I don’t fight dirty. Never have, never will. When I was going in high school, my Dad taught me how to box; how to protect myself even though (or because of) I was going to an all girls school. And so that night, I didn’t fight back. I went into protection mode. If I threw some grated cheese behind me that she mistook for deliberate hostility, making her believe it was ok to beat me up, then that’s on her.

My dear friend M (who happened to be a lawyer at the time) and I went to Police Headquarters and I wrote down a preliminary statement. My memory was pretty fresh, but I was in shock, so the statement was brought up in court as being ‘contradictory’ to my official statement that I made about later that week.

When I got home, my Mum took photographs of the bloodied scratches and bruises across my chest and neck. Even more concerning was that I had had a central line removed just two days before and she had scratched the scab off it and drawn blood with her fingernails. Later that night, I struggled to sleep because the attack kept playing like movie reel in my head – a punch here, a kick there.

When I tried to get out of bed the next day, my whole body ached like I had a really bad flu, so I called the transplant unit and they said to come in straight away – I needed to be checked out, x-rayed and have bloods taken. I could barely move and because this girl was possibly a drug addict, I had to be tested for HIV and Hepatitis because as I mentioned earlier, she had scratched the scab off my CV line and drawn blood. I had fourteen x-rays, was checked out by a physiotherapist and then I went home to rest.

It felt like an age waiting for my blood results to come back, and I admit that I was feeling pretty distressed. When they came back clear, my doctor, family and I were relieved to say the least.

The worst thing about the whole situation was that the woman who assaulted me was in the care industry. She was an occupational therapist at a major metropolitan hospital and  she knew that I had had a transplant and therefore was a ‘soft’ and vulnerable target. My transplant consultant wanted her struck off immediately, but somehow that didn’t transpire.

Court was brutal and unforgiving. I felt so terribly guilty that my friends had to testify, but I was determined that this person was to be accountable for her actions. Her husband arrived at court wearing no shoes and repeatedly walked up to the courtroom to listen to proceedings when he shouldn’t have. The lovely detective who took my official statement didn’t think this was right, so he was given a warning to stay away or go elsewhere.

When I had to get up on the stand, I had strips torn off me by her lawyer (I still remember his name), and he manipulated what had happened on the night, where I was a cheese-throwing bitch who provoked the attack. I know that’s what lawyers are supposed to do, but a few minutes into the cross-examination, I was a bawling mess. In fact, he was very capable at making me feel like shit, but I was lucky enough to have the states top DPP who representing me. I also had a wonderful and compassionate detective who actually gave a shit about what had happened. My lawyer made a very strong argument that she was a violent offender, and after an arduous day of court, Mum and I hopped on a train, but as we were nearing home, we were called back.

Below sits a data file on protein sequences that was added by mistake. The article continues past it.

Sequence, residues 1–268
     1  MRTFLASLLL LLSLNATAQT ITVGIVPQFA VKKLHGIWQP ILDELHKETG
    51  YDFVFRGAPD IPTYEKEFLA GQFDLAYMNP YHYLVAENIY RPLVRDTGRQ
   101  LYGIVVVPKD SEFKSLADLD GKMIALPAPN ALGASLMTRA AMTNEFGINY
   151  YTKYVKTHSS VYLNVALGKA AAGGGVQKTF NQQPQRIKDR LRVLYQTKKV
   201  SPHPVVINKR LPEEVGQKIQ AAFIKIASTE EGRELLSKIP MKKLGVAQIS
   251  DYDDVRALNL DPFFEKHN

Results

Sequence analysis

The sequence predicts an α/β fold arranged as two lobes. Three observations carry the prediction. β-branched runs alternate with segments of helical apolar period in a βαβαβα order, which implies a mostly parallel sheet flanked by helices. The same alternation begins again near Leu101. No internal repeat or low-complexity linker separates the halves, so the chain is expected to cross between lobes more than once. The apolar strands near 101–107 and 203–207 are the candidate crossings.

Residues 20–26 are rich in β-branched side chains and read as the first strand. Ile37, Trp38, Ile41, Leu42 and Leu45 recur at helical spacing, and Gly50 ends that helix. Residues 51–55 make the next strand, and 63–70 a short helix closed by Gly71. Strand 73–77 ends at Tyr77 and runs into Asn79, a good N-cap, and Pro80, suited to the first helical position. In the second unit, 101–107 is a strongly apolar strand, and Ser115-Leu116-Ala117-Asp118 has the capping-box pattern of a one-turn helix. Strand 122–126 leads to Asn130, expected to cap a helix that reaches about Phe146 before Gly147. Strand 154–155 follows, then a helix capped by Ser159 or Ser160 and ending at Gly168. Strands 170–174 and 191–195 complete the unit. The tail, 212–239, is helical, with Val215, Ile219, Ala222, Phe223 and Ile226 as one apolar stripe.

I had to get on the stand again, and to cut a long story short, the woman who assaulted me was found guilty of grievous bodily harm which meant that she had to pay me a reasonable sum of money and complete 200 hours of community service. What upset and disappointed me the most, was that there was no conviction recorded. In fact, I would have happily done away with the money in place of a conviction. The fact that this person was an occupational therapist working with vulnerable people and who possibly had a drug problem disturbed me greatly.

For the first few months after the attack, I was constantly checking my back, especially when I was at uni. I didn’t feel safe and that really grated me. It lowered my self-confidence and even though I was already hyper-aware of my surroundings after being with my Mum when two piss poor excuses of men who mugged her tried to run her over in a carpark when I was fourteen, I became a little paranoid for a few months and was always at the ready to fight. My nerves were shot, and even someone running behind me was enough to set me off and put me into fight or flight mode – mostly fight mode where my  fists would curl instinctively until the perceived threat had passed.

Looking back, I was so incredibly naive to think that these people were good people. I’ve always looked for the positive in everyone I meet, and while it was a hard lesson to learn, I refused to let my assault dictate who I engaged with, and soon I was feeling more positive about interacting with humans I did not know – I was just a little more selective.

The entire process, from the assault to the court case, exhausted me and my only real escape was studying for my creating writing degree, which ripped me back to my youth where study was my escape from all of the death and suffering that was all around me on an almost daily basis when I was in hospital. Friends deteriorating before my eyes, friends dying, trying to help said dying friends die a more comfortable death, seeing kids pinned down so doctors could shove in an IV or a nasal-gastric tube for feeding. The word brutal  comes to mind again.